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Legislation & Regulation

Legislative and Regulatory Update

• Battle continues in Oregon
As we reported last month (“Legislative Update”), hundreds of small-scale miners in Oregon showed up to protest several bills aimed at restricting mining in the state. Due to the enormous opposition, SB 370 and SB 115 were referred to the Environment and Natural Resources committee, but no further action has been taken to date.

SB 370 would impose a $125 fee for a commercial placer mining permit, and establish a fine of $1,250 and 30 days in jail for operating without a permit.

SB 115 seeks to prohibit placer mining using any form of motorized equipment.

SB 401, which would designate numerous rivers and creeks as scenic waterways, received a public hearing on April 15, though it also faces an uphill battle from private property owners as well as miners.

On April 2, we received word that Senator Jackie Dingfelder (D-Portland) was attempting to sidestep the opposition by introducing a committee bill with essentially the same language as SB 115, and increasing the restrictions by including a five-year moratorium on suction gold dredging.

“This technique is used to create new bill numbers after previous ones have received bad press or negative responses,” said a staff member for Senator Alan Olsen (R-Canby).

The new bill number is SB 838. Just prior to our press deadline, we learned that SB 838 was passed by the Senate Environment and Natural Resources Committee and has been referred to the Joint Ways and Means Committee for further consideration. Like SB 115, SB 838 seeks to prohibit motorized placer mining and would place a five-year moratorium on suction gold dredging in the state.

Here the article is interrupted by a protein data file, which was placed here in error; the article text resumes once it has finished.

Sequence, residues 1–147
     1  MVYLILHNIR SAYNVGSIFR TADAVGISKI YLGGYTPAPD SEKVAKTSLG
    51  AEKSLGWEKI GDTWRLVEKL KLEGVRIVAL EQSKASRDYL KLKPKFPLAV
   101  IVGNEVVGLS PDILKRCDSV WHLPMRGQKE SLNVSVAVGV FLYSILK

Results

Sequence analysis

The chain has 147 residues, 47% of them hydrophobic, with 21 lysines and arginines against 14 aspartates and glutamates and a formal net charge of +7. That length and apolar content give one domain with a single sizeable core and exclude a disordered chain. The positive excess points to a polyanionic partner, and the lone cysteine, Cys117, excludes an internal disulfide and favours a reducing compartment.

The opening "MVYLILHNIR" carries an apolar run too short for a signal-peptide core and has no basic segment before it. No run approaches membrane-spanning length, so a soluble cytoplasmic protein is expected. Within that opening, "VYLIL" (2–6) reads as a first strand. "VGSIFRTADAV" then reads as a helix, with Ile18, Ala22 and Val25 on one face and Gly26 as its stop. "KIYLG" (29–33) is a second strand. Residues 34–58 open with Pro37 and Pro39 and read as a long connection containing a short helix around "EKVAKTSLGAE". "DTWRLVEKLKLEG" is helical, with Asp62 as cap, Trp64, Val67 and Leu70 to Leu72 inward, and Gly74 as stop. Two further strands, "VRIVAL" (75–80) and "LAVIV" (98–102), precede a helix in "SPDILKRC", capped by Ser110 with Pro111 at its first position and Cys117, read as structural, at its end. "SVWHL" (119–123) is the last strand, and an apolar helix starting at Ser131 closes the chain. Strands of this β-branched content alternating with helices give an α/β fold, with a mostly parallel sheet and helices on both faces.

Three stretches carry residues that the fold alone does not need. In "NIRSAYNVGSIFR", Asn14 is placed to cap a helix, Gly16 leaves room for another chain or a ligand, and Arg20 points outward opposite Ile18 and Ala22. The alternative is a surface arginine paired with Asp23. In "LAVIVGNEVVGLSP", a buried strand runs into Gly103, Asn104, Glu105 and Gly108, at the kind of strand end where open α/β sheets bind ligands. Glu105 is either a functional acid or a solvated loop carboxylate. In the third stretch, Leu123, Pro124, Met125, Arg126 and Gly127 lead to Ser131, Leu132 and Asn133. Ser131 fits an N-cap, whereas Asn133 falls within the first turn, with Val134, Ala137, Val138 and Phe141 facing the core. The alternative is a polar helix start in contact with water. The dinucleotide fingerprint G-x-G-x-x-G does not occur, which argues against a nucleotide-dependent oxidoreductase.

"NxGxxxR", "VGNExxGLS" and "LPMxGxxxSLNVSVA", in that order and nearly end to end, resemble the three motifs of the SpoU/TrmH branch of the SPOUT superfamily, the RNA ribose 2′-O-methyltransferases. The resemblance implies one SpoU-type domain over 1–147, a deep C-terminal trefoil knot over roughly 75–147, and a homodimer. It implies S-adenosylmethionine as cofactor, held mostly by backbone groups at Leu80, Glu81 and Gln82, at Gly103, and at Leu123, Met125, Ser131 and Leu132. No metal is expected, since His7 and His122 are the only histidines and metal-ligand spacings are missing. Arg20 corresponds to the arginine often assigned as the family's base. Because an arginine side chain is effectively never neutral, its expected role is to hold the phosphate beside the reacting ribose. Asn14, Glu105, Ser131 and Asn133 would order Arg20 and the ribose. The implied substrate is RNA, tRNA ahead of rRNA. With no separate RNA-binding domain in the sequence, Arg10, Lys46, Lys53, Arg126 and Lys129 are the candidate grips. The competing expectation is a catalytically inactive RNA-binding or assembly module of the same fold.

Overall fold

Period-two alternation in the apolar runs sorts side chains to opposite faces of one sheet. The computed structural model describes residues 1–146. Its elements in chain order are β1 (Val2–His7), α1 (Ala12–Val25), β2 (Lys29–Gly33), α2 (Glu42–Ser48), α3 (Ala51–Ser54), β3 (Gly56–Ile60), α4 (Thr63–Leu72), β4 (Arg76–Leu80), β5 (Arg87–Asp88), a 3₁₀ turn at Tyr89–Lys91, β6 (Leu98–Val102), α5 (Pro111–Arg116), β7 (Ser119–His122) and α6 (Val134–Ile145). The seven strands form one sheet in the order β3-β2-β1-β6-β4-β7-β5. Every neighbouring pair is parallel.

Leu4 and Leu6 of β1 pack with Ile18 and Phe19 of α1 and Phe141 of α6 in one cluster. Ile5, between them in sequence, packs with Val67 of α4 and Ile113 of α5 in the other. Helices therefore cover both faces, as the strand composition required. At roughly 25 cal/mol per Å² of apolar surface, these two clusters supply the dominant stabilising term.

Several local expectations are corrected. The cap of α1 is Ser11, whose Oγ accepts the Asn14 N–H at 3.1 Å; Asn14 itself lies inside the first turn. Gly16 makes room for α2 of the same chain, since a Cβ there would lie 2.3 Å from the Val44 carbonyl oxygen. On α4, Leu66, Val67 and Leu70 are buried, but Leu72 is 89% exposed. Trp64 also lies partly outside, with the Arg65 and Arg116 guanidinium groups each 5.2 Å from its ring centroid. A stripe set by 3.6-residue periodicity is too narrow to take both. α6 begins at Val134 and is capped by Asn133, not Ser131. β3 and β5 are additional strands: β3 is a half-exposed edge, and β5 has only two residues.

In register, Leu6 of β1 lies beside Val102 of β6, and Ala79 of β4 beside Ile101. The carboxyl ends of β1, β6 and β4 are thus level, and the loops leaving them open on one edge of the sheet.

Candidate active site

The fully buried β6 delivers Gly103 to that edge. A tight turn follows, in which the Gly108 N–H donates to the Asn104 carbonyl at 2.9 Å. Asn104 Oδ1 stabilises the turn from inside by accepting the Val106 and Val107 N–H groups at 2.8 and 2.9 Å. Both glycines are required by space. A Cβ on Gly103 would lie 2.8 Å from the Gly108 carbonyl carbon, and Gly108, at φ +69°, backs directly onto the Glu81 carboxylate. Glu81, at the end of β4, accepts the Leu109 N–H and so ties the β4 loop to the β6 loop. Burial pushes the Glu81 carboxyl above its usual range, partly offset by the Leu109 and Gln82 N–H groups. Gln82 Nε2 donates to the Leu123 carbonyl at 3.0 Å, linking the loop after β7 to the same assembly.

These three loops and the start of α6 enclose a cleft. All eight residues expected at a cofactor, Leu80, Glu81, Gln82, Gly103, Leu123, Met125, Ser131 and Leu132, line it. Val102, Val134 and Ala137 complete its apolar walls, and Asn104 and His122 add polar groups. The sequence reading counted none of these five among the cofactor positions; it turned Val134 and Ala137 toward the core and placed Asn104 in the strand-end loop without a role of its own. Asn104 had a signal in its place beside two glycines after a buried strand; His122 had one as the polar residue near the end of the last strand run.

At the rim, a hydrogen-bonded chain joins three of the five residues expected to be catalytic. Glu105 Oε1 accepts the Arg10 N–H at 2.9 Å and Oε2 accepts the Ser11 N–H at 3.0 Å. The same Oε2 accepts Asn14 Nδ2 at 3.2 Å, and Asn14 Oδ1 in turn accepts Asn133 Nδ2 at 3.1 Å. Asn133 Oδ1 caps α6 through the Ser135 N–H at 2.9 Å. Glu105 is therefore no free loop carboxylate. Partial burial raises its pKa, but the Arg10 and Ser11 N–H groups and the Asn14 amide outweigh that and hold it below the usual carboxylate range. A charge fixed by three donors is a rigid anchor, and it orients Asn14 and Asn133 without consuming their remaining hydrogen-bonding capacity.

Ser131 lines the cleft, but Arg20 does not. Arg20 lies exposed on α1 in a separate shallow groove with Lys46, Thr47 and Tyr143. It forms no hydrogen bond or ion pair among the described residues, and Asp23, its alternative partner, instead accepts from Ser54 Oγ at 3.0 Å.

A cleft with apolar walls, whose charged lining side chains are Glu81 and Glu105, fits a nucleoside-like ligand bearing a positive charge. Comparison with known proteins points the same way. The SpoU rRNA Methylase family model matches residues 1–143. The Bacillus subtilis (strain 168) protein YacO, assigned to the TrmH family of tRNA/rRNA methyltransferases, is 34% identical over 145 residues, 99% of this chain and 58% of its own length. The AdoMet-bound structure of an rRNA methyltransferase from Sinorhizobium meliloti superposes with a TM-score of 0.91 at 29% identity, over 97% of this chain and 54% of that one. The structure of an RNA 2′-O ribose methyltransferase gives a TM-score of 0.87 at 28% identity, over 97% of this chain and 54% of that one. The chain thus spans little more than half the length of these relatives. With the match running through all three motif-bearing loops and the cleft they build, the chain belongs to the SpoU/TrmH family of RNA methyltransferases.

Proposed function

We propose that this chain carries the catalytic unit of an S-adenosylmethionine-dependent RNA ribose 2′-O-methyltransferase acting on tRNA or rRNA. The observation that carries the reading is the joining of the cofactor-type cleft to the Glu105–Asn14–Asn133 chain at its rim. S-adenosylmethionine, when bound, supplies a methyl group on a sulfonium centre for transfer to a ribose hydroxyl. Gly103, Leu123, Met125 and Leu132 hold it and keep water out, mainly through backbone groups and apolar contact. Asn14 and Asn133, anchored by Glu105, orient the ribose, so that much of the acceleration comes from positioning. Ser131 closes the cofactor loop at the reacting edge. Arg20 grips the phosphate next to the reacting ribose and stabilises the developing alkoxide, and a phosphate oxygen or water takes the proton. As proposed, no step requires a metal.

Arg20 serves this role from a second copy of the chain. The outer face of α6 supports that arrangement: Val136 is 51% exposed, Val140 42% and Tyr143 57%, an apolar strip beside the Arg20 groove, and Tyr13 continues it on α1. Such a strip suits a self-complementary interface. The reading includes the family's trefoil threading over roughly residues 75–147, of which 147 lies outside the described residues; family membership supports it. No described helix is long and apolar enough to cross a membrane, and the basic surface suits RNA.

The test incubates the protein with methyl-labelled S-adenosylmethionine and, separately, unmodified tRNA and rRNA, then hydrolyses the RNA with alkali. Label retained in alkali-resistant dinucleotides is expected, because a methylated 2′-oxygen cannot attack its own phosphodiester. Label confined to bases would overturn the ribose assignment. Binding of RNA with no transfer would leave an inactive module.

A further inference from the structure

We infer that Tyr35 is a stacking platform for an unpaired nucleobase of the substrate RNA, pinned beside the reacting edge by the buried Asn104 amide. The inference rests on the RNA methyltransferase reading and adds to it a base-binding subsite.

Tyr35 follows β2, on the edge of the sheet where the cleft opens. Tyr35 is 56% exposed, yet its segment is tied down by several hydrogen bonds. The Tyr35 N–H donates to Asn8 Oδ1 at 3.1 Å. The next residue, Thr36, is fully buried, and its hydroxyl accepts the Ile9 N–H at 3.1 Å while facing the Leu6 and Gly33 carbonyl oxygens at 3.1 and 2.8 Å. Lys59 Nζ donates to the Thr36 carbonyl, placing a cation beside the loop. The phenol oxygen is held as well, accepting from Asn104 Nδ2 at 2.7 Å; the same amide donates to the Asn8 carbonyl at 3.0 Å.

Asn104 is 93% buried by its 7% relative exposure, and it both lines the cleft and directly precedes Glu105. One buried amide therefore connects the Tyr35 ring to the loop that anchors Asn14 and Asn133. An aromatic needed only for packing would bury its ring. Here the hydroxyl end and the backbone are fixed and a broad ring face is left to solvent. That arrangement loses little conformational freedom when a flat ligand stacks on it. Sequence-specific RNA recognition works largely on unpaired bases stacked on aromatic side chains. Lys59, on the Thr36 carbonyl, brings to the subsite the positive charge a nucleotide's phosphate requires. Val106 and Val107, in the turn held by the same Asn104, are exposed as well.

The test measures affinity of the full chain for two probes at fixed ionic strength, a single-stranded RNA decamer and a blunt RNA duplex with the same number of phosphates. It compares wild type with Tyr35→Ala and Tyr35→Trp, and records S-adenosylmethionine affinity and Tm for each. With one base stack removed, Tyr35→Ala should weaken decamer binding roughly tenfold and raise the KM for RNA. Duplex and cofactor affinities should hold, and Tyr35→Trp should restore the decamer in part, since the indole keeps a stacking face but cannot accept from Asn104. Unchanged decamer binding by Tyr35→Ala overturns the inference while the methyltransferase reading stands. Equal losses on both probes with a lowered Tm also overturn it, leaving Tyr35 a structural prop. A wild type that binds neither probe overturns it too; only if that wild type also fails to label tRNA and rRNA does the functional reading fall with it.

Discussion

SB 401 also cleared the committee. This bill seeks to prohibit suction gold dredging on scenic waterways and would designate an additional 38 rivers and streams as scenic waterways.

It is crucial that our readers take a few minutes to register their opposition with members of the Oregon Senate, even if you are not an Oregon resident. Contact information for all Oregon Senators is listed here.

• Stop annexation in Southern California
The movement to annex the Virginia Dale/Gold Park Mining Districts into Joshua Tree National Park has hit a huge speed bump: public opposition by miners, geo-cachers, off-roaders, shooters, and other outdoor user groups. The area is located in Southern California near Twentynine Palms.

Recently a citizens’ group was formed called Friends of the Dale/ Gold Park Mining Districts, which is dedicated to keeping this 106,000- acre tract of BLM land open to multiple use, especially mining. The area has a rich mining history, and there are currently scores of active mining claims in the area. Friends of Dale/Gold Park Mining Districts recently mailed a letter to every active claim owner in the area describing the situation and what is being planned to save it from being declared off-limits to mining, and asking them to participate in the effort. The response from the mining claim owners has been positive.